Rogers has announced a significant expansion of its affordable internet program, Connected For Success, hoping to reach 750,000 households in Ontario, New Brunswick and Newfoundland.
The program has already served more than 25,000 households across the three provinces, according to a Rogers spokesperson, and around 250,000 households are currently eligible. It was first available to Toronto Community Housing residents, then later expanded to all Ontarians in rent-geared-to-income housing, and to families receiving the maximum Canada Child Benefit, as well as people in Newfoundland and New Brunswick in similar situations.
Now, the program will also be available to Ontarians receiving income support through Ontario Works or the Ontario Disability Support Program (ODSP), and for senior Ontarians receiving the Guaranteed Income Supplement, as well as those in Newfoundland and New Brunswick accessing similar programs. The expansion will add around 750,000 new eligible households.
Rogers chief communications officer Sevaun Palvetzian said many of the people the Connected For Success program is intended for use the internet to access critical services.
“It’s essential for us to be able to help close that digital divide,” she said.
The program provides internet for $9.99 a month at a speed of 25 mbps, and is now adding two more tiers for families that need higher speeds. Families can get 75 mbps for $24.99, and 150 mbps for $34.99, according to the spokesperson.
“We heard from our members that they could benefit from both more choice and faster speeds,” said Palvetzian.
In the spring, Rogers will also add a 50-mbps option for $14.99, in line with the federal government’s targets, said Palvetzian, adding that she believes the private sector has an important role to play in bridging the digital divide.
The program also provides free installation and modem rental, unlimited data and no credit checks, meaning clients pay the monthly fee and nothing else, according to the press release. Applications are taken through the Connected For Success website and require verification that they are receiving one of the qualifying programs.
Palvetzian said the pandemic has revealed just how essential communication and connection are to everyday life: “It is a critical part of life that we wanted to make sure everybody has access to.”
She said the expansion is the “next generation” of the program, which began in 2013 as a pilot project.
The issue of affordable internet has been top of mind for many during the pandemic, as more parents have had to work from home, kids are being schooled remotely, and social services increasingly move online while the usual hotspots for free Wi-Fi, such as libraries and schools, have been closed.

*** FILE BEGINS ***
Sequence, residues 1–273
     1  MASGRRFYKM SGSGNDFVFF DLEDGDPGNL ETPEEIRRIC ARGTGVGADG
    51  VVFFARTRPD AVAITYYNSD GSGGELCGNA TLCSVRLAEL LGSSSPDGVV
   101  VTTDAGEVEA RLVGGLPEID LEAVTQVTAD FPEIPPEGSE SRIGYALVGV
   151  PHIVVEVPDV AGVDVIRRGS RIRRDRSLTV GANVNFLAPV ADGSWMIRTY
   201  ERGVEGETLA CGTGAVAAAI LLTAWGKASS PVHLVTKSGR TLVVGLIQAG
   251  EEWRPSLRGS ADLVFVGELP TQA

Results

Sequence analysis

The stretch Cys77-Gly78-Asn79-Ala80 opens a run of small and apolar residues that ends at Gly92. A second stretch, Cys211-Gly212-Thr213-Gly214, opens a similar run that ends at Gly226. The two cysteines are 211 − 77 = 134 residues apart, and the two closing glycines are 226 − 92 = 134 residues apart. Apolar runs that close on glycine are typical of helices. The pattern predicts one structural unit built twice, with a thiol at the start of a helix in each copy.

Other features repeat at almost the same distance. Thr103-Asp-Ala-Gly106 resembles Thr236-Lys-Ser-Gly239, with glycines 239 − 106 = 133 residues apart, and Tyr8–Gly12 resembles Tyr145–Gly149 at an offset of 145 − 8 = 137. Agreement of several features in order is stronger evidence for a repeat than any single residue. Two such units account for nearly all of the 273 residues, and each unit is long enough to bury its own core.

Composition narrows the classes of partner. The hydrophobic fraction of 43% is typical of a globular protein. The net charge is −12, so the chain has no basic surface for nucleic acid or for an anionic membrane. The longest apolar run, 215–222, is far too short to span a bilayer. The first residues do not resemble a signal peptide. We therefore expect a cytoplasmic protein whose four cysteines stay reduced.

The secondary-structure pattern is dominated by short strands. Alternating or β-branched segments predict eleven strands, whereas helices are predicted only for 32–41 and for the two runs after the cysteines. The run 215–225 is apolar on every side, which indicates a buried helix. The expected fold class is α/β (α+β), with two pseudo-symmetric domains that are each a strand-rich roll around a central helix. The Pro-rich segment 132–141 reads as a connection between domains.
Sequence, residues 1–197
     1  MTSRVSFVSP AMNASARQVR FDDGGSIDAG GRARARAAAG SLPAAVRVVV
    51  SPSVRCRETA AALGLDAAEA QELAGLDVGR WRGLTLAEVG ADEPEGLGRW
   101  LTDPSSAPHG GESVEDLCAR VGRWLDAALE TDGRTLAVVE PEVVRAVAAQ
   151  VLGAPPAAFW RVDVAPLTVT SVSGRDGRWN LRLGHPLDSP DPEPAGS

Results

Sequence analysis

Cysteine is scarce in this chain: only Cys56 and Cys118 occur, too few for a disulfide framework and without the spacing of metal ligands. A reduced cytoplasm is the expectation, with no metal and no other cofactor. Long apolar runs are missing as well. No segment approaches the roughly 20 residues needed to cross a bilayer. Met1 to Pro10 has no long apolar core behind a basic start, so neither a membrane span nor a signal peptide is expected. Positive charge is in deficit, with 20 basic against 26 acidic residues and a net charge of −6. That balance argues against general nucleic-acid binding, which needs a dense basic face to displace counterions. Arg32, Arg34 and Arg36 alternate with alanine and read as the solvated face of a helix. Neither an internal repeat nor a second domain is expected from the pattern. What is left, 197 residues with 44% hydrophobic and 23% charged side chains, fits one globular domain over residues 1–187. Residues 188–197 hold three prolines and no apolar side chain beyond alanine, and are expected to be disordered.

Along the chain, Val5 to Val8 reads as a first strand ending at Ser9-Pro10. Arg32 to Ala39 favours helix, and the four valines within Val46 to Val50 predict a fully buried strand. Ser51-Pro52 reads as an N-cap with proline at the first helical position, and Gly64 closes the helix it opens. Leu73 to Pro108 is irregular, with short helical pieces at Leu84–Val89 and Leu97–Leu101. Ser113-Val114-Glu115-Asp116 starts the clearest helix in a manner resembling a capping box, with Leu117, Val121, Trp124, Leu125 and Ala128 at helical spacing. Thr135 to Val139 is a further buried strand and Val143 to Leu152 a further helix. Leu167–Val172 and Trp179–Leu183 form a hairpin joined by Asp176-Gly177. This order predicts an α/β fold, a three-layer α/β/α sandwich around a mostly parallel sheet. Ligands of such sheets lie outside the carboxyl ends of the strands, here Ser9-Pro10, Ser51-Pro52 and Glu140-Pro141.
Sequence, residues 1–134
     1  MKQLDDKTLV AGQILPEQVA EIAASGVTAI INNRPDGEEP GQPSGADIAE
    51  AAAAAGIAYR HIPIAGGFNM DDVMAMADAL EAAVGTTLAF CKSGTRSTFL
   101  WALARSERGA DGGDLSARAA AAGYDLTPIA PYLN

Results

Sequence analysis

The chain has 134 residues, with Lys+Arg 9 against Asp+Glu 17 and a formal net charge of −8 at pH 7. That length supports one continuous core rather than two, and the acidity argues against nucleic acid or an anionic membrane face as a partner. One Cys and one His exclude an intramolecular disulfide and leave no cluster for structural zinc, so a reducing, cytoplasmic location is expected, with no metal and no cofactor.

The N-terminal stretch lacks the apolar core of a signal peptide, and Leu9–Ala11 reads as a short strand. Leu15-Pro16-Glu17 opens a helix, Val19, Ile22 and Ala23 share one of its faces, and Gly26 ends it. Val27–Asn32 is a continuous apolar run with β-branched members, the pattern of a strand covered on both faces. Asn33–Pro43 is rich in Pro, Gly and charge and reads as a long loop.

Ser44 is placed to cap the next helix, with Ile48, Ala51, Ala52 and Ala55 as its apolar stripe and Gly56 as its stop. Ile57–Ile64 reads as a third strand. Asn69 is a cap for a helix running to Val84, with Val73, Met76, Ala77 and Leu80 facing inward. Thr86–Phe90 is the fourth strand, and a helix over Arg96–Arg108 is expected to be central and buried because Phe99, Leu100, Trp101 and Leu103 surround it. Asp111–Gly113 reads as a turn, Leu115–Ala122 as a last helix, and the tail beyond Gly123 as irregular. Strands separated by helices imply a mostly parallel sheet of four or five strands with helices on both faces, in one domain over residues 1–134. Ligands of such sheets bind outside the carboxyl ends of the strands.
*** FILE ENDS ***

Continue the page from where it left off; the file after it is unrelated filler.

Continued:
The “digital divide” is becoming more acute, advocates say, widening the gap between those who can afford good home internet and those who can’t.
Marlene Ham, executive director of the Ontario Association of Interval and Transition Houses, said the network of social services normally used by women and children accessing shelters and transition houses was suddenly shifted online, making it difficult for those in low-income households to access the programs they relied on.
The expansion of Connected For Success is “going to have a significant impact, a positive impact for sure, for women and children that we work with,” said Ham.
“This isn’t just going to increase their access to our services, but it will also help to increase access to the many other services that they have to connect with,” she said.
Recently, a group of advocacy organizations announced a day of action for affordable internet. The coalition includes researchers, telecom company TekSavvy and advocacy group ACORN Canada, which has been pushing for universal access to $10/month internet for low-income people for years.
A January report showed that in Toronto, two in five households have speeds below the targets set by the Canadian Radio-television and Telecommunications Commission.
And Toronto recently announced plans to build its own affordable internet system, with pilot projects in three low-income areas that could see service by the end of 2021.
“This last year in particular has shown us the vital role that networks and connectivity play in all of our lives,” said Rogers Communications president and CEO Joe Natale in the press release. “We are proud to play a role in bridging the digital divide.”
Federal Minister of Innovation, Science and Industry François-Philippe Champagne agreed in the press release that the pandemic has reinforced the importance of affordable high-speed internet.
“It is a priority for our Government to ensure that all Canadians get connected, and we are counting on our partners in the private sector to help us achieve that goal. I congratulate Rogers on expanding its Connected for Success program,” said Champagne.
Ham said she thinks the program can serve as a model for other telecom companies, especially the big ones.
“The world that we’re in right now and the pivot that has occurred has really made (internet) essential. It really is no longer a luxury,” she said. “We do need everyone to be able to get on board … Rogers has been able to kind of demonstrate that as a part of the private sector, there are these possibilities.”
Article by Rosa Saba for Toronto.com
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